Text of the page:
16. jennsheranJennifer Reply

    Kevin, Right on man! I couldn’t agree more. My little guy is just pure sunshine to my soul! The world would be worse off without him!

  17. Hazel Brown-Barnes Reply

    Kevin I am amazed at your wisdom and encouraging words for sweet Ella! Our God is so good! To know how your words can make such an impact on another family just needing a positive message from our Lord is immeasurable! Keep casting Gods word on the water! What a rippling effect!! Blessings!

  18. Patricia Fackina Cormack Reply

    well put! My beautiful precious amazing daughter with Down syndrome has changed my life for the better in countless ways! May all know this joy!

  19. Jessica Harvey Reply

    I have a 20 month old daughter who has down syndrome and epilepsy. She has a type of catastrophic seizures known as infantile spasms. Because of the seizures (not the extra chromosome), she cannot sit, eat by mouth, walk, talk, or use her hands. She has had to fight so hard during her short life. but she does it like a champ! Because of her, I am a stronger person. I have so much more patience and tolerance. When my husband looks at her, I can just see his heart melt. Her sisters love her to pieces. They are always petting her and kissing her. We have so many new friends because of her. We have an AMAZING support system. Everyone who meets her falls in love with her instantly. She has recently stated to smile and laugh out loud. That smile is the best gift that I have ever received! Sometimes, I feel as if my heart might explode with the love that I have for her. Not once have I ever wished that I would have aborted her. I can’t imagine not having her here. No matter what, the good always outweighs the bad. I am blessed to have her,and I’m a better person because of her.

  20. margie Reply

    Kevin thank you from a Mom to a beautiful little boy (#5) w Down syndrome for the profound words of truth, clarity and love. My husband and I are moved beyond words to be in our son’s beautiful, gentile company…a true gift. As I recognized immediately upon learning of DS at 11 weeks gestation, the limitations I was about to be confronted with were my own..
    I attempted to respond with a comment and certainly not in the capacity that your words have the potential to convey but at some point the topic forces one to do so….My post follows…”It would seem the screening process for the editor’s at USA Today needs to be addressed. Ironically it is those without knowledge or life experience that claim to “know” or deem it is reasonable to abort a human life with Down syndrome. While those with a child or loved one with DS (therefore knowledge and experience) profess from the mountain top of the love and joy. Who can predetermine the worthiness of any life that is not yet lived, or denied the opportunity to live? Was any one of us promised a life without difficulty, or an easy path? Perhaps in striving to filter out what makes life difficult what is also filtered out is “life” in all of it’s complexities and stunning revelation of true beauty.”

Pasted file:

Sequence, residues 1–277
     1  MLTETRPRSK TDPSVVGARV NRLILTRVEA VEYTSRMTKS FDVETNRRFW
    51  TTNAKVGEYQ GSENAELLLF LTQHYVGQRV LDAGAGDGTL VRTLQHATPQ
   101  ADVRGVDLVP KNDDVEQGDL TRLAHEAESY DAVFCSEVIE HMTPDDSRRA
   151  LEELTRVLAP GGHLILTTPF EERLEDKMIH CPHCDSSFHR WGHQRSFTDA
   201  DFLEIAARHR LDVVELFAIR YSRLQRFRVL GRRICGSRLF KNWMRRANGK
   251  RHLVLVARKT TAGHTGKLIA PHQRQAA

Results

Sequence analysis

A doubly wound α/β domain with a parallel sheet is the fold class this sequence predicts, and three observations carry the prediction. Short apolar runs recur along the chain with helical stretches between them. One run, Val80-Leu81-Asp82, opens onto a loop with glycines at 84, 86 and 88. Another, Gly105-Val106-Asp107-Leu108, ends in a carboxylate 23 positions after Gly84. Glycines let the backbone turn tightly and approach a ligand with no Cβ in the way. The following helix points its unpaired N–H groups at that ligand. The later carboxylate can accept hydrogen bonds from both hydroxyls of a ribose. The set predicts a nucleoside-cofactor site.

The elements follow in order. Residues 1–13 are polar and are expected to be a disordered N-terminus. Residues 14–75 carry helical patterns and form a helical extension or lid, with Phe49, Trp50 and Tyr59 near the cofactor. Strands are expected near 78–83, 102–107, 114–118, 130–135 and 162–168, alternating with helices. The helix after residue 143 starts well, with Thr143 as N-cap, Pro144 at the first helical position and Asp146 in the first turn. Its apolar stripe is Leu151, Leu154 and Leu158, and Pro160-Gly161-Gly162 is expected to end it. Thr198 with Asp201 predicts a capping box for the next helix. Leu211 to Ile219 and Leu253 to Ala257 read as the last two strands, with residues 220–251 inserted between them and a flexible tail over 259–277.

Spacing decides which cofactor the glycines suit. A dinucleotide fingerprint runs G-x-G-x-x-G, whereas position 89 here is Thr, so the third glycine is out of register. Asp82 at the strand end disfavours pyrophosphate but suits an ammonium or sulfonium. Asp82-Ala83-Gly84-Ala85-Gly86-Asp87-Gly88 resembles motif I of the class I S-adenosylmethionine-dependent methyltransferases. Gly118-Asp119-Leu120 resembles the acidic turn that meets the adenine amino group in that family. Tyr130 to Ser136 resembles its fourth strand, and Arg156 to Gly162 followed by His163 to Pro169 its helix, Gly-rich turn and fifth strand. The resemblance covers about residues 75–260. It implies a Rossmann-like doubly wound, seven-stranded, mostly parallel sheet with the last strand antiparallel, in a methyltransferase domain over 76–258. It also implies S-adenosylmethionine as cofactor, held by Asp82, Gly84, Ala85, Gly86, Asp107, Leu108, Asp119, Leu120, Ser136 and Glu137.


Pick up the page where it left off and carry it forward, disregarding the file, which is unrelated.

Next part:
21. Lee Hollingshed (aka Mrs. Armstrong) Reply

    I am a retired special ed teacher, and to think of what I would have missed if my 4 student’s moms had aborted them, just kills me!! Thank you, Kevin, for that wonderful article. DS is not a terrible thing-it is terrible how people who consider themselves “normal” have no clue as to how much of a blessing a person with DS can be!!

  22. Sholom Gootzeit Reply

    Dear Kevin, if you go to YouTube, under my name, you can see 4 videos I posted of my dad’s work. He was a physical therapist, he was a wounded vet, he lived in a VA hospital for a year, and as he went through rehabilitation, he found his life’s calling which was to work with children with severe impairments. To enable him to reach these children the way he wanted to, he used siblings of the handicapped children, Boy and Girl Scouts, high school and college students to do the work he directed. I became a physician, twelve or fifteen of us became physical therapists, several social workers, many teachers, in all working with those severely handicapped children, helped all of us to overcome our fears of the differences, and aimed us vocationally at helping professions. These children are a gift. My own understanding of the rehabilitation medicine that I do, is directly related to my volunteer work as a teenager, and all the long talks I had with my dad. Abortion is not an answer, the answer is finding ways to allow highschool and college kids to provide more face time for these children, it helps humanize the handicapped, and it helps to focus the helpers in ways you cannot even begin to imagine.

    • Kevin A. Thompson Reply

      Thanks for the response. What a great story. I’ll look at the You Tube video.